Bitter cold and how to see the New World

So it’s been a month since I’ve posted anything here. I’ve been bad at keeping up; between the new baby, school, and going to Belgium and Luxembourg I’ve gotten a little behind. I’m not going to attempt to catch up all at once; that would just delay my posting further. This post is intended to cover up to February 29th, when I left for Belgium. I will write about my experiences visiting EU and NATO institutions in Belgium and Luxembourg over the next few weeks.

First, some talk of the weather. February was the coldest month so far in Poland since my arrival. Overall it had been a very mild winter thus far, and I had been whining about not getting enough snow, etc. Then it got really cold. Cold enough that quite a few people died across Eastern Europe. I was very glad I had a warm place to sleep.

And here is an example of political speech opportunities only available in winter:

It says: Tylko idiota na prezydenta (Only an idiot for president).

This was my first time experiencing any real severe cold weather. I made a late run to Tesco to pick up a few things during the worst of it. I was under the mistaken impression that the metro ran later than it did, so to get home I had to take one of the night buses, which meant a longer walk. Having the mucus in your nose freeze and your tears forming icicles on your eyelashes is quite a strange experience for a man who grew up in sunny Southern California and served a mission in the tropics.

We recently had an activity for the youth of our church. We got to enjoy a nice selection of indoor climbing walls. Here’s me at the top:

Something I love about my faith is our emphasis on service. Last month I went out with some of the other men from my church to help insulate a home from the cold just outside of Warsaw proper.

We fixed a broken window and sealed the others so it would hold heat better. It’s a very satisfying feeling to be able to help someone in need. Oddly enough, our group included an economist, a composer, an international relations student and a contractor. I guess at least one of us knew what we were doing. The neighborhood was an amazing contrast- we were only half an hour out of the city center by train but the area looked and felt like a totally different place. I need to make time to see more outside the capital.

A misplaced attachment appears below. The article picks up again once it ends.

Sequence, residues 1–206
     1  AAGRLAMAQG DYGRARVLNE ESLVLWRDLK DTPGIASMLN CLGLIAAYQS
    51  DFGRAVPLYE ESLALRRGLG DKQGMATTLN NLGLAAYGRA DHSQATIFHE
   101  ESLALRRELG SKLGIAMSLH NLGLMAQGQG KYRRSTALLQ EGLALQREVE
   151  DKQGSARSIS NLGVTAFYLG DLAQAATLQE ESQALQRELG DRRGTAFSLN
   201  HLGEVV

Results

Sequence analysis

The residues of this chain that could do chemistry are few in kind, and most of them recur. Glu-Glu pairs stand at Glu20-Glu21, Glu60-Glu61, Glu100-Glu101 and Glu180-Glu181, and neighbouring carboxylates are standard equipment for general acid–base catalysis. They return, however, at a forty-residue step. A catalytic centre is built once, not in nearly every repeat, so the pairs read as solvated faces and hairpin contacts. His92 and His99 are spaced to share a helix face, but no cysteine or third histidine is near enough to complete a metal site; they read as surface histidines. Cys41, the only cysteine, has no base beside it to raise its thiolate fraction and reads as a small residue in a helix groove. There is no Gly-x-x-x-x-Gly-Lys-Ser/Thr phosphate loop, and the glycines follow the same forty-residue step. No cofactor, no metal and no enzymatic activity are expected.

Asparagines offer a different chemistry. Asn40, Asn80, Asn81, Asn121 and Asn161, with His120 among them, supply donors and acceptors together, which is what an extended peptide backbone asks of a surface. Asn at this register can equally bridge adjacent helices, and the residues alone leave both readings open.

Paul always likes to have his picture taken, so here’s a random shot of him:

I got to go to the orientation for the new Fulbrighters arriving this semester. It was nice to welcome the newcomers. After the meeting we had a very nice lunch at La Bodega on Nowy Świat near the Fulbright Commission.

The really funny thing is, this restaurant is in the bottom floor of what used to be the headquarters of the Communist Party of Poland:

Which brings me to a classic Polish joke. The Party headquarters were on ulica Nowy Świat (New World Street). So the Poles would say, “If you turn your back on the Party, you can see the New World!”

My study of Polish is moving right along. I was recently invited to skip ahead to the next level at Polonicum from second semester A1 to second semester A2. It’s made the classes a lot more challenging but I’m learning a lot more.

I got a nasty cold the weekend right before I left for Belgium, but I was very lucky in that it had mostly passed by the time I actually left. If I had been still sick it would have been a lot more difficult to enjoy that marvelous week. More on that to come!

1 Comment on "Bitter cold and how to see the New World"

  1. Ryan….I loved the joke! I also enjoyed reading the rest of the blog and the picture of Paul. I would like a picture of Martin also. I can't wait to see how he has grown. Give Annika a big hug from me. I love you all!!!


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